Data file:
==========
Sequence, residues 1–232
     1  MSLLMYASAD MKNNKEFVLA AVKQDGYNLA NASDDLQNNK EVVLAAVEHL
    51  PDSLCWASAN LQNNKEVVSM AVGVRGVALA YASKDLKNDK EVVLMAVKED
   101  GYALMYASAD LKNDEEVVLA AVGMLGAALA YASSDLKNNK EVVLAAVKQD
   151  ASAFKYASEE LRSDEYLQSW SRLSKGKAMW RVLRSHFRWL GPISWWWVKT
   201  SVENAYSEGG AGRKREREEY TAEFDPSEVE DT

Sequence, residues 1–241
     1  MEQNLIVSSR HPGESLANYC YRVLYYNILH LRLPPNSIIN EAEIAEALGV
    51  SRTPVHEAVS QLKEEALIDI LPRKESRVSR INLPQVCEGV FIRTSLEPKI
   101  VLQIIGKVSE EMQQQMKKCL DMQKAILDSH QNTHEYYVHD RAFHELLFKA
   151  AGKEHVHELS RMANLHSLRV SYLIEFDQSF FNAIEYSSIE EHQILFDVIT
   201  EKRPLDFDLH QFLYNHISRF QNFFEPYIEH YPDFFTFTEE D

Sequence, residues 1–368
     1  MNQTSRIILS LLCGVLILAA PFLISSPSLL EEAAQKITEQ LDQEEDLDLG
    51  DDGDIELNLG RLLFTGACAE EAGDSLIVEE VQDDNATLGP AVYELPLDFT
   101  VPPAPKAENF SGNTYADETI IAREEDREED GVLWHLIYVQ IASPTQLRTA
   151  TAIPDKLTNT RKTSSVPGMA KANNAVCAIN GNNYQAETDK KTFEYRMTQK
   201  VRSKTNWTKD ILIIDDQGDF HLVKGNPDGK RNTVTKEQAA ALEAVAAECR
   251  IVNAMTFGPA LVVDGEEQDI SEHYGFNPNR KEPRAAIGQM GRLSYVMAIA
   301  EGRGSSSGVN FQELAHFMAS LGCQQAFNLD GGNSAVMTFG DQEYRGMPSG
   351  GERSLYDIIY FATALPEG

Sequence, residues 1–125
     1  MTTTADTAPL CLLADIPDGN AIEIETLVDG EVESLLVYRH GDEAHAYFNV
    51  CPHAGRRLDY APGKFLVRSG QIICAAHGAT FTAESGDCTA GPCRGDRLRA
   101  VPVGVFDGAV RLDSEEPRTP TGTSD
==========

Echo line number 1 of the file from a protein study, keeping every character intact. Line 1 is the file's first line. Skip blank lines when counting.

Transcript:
Sequence, residues 1–232